Ridiculous. We started the day just planning on a leisurely drive to the next beach.

By the time we got to Chiclayo we were at the end of our rope with the other drivers.  We were on the road an entire day and were now driving around a strange town at night.

We tried heading for a hotel on the outskirts of town listed in our guidebook as having internet and parking. Our guidebook failed us again, as it had neither. So into town we went, were there seemed to be no traffic laws. A 2 lane street was packed 4 cars wide, and no one had a stop sign in any direction. Darkness only adds to the challenge.

Finally, we made it to a hotel with all the amenities, which we got to enjoy for exactly 10 hours before we were on the road again.

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Also, we just heard from Alice Griffin – a UK travel writer who interviewed us a while back. She put a few blurbs about us in her article published the March/April 2011 edition of National Geographic Traveller. You can read it here (scroll way down to the bottom!)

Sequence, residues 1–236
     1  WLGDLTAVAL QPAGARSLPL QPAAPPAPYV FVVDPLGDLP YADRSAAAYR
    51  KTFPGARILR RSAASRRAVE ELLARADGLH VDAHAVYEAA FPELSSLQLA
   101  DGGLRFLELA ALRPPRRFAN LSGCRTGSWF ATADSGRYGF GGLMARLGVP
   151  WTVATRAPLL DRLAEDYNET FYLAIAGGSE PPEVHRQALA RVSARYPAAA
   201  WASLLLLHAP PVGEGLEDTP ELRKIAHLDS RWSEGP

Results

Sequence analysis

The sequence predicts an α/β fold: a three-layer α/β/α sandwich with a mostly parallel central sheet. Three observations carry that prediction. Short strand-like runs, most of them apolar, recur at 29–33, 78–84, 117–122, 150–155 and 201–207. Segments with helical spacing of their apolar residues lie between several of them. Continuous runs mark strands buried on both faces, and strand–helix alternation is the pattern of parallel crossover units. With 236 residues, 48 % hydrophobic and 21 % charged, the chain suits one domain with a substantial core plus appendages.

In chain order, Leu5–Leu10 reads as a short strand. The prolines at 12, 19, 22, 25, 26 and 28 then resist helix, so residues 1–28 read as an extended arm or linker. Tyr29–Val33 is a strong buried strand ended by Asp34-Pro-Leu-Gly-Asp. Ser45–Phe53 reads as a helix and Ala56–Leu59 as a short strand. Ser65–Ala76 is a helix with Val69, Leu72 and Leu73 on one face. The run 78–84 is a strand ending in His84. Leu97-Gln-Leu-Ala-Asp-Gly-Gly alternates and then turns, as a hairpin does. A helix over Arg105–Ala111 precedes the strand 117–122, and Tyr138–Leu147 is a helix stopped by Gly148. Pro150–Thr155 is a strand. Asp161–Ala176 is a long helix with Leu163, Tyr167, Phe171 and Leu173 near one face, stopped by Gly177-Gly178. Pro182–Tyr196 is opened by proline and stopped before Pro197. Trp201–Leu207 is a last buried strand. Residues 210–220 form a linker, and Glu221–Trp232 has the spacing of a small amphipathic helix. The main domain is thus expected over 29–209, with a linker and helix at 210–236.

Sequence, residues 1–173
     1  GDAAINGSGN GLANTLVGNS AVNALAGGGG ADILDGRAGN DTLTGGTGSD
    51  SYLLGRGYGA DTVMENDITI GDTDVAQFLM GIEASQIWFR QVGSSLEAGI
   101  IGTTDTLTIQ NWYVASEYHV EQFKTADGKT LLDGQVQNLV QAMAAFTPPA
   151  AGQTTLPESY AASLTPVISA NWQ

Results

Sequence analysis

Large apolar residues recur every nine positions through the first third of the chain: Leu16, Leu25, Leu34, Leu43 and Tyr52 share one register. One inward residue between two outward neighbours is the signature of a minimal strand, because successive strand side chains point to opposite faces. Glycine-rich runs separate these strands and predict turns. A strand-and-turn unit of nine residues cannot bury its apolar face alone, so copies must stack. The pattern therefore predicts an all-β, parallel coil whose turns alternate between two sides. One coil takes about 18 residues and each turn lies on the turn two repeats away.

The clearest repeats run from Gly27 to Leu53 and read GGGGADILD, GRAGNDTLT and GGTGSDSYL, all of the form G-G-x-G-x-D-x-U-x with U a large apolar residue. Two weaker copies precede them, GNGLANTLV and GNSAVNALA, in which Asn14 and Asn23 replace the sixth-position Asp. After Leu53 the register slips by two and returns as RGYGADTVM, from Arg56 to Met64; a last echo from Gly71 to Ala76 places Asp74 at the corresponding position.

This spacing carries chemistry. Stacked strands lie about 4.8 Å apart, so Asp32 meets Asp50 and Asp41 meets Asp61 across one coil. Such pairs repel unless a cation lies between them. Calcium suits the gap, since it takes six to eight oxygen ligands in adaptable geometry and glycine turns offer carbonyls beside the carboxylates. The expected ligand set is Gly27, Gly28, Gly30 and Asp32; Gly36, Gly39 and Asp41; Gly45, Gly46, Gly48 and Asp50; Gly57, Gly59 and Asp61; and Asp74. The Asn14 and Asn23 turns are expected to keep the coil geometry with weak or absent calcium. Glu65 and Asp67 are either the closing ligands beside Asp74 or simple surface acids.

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6 thoughts on “desert trash and a pirate party

  • March 2, 2011 at 7:32 AM
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    I like how the article described Jason as a “former scientist” . . . as if that ever leaves you.

  • March 2, 2011 at 1:57 PM
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    Hi, I checked out the Nat Geo article and one or two blog links in the article. Just want to say thank you for writing a blog that is so down to earth, funny and personal. It really is something most of us can connect to – by far my favourite travel blog! Thanks again….and hope you are sleeping better tonight.

  • March 2, 2011 at 2:50 PM
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    pirates and a wedding in one town! was a pirate getting married? did you HEAR any pirates talking? was the bride a pirate too? was anyone wearing an eye patch? did anyone have a hook for an arm? did angela catch the bouquet? were the bags of toys anything like pinatas? was there candy in the bags too? donde estan los fotos????

  • March 2, 2011 at 3:37 PM
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    Wow, quite the contrast from your serene beach experience.

  • March 2, 2011 at 4:48 PM
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    National Geographic, huh? I guess that means you’ve hit the big time.

  • March 2, 2011 at 10:19 PM
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    ARRGH! Having experience the crazy drivers in Ecuador first hand… I’m glad you all survived the drive.